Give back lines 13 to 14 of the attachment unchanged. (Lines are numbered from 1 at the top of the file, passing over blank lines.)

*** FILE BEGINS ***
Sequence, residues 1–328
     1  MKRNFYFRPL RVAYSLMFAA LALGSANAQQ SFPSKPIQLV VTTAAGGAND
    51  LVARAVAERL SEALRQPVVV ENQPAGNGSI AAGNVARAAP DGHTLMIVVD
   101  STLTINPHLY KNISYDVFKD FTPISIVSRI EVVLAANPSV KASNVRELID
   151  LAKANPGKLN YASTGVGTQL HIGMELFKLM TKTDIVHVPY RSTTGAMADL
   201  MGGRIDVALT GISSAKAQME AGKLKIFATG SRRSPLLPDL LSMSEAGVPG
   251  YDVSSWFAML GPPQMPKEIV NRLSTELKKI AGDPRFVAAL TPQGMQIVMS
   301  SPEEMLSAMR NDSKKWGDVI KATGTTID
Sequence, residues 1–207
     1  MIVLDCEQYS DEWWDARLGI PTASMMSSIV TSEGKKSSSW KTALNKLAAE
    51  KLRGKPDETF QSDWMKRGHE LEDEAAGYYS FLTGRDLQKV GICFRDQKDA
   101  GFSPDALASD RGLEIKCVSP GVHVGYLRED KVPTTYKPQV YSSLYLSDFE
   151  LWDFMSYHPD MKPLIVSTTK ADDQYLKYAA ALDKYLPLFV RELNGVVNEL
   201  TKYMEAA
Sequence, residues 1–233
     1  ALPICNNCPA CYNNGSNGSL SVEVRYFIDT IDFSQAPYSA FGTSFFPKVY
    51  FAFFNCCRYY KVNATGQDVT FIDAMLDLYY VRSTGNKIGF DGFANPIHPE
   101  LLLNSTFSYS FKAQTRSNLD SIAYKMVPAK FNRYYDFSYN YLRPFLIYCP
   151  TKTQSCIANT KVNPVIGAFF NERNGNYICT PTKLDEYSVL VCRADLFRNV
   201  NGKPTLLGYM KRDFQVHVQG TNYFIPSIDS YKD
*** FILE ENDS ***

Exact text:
   151  LWDFMSYHPD MKPLIVSTTK ADDQYLKYAA ALDKYLPLFV RELNGVVNEL
   201  TKYMEAA